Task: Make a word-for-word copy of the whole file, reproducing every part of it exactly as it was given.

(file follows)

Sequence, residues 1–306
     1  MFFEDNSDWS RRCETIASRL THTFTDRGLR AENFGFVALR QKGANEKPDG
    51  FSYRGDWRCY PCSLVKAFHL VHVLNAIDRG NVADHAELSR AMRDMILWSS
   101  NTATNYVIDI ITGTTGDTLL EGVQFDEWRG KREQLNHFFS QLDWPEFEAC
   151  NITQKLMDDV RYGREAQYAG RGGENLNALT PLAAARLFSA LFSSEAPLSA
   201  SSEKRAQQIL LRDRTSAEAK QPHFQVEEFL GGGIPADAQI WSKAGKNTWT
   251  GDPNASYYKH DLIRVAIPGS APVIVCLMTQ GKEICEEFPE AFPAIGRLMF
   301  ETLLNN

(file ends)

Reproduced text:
Sequence, residues 1–306
     1  MFFEDNSDWS RRCETIASRL THTFTDRGLR AENFGFVALR QKGANEKPDG
    51  FSYRGDWRCY PCSLVKAFHL VHVLNAIDRG NVADHAELSR AMRDMILWSS
   101  NTATNYVIDI ITGTTGDTLL EGVQFDEWRG KREQLNHFFS QLDWPEFEAC
   151  NITQKLMDDV RYGREAQYAG RGGENLNALT PLAAARLFSA LFSSEAPLSA
   201  SSEKRAQQIL LRDRTSAEAK QPHFQVEEFL GGGIPADAQI WSKAGKNTWT
   251  GDPNASYYKH DLIRVAIPGS APVIVCLMTQ GKEICEEFPE AFPAIGRLMF
   301  ETLLNN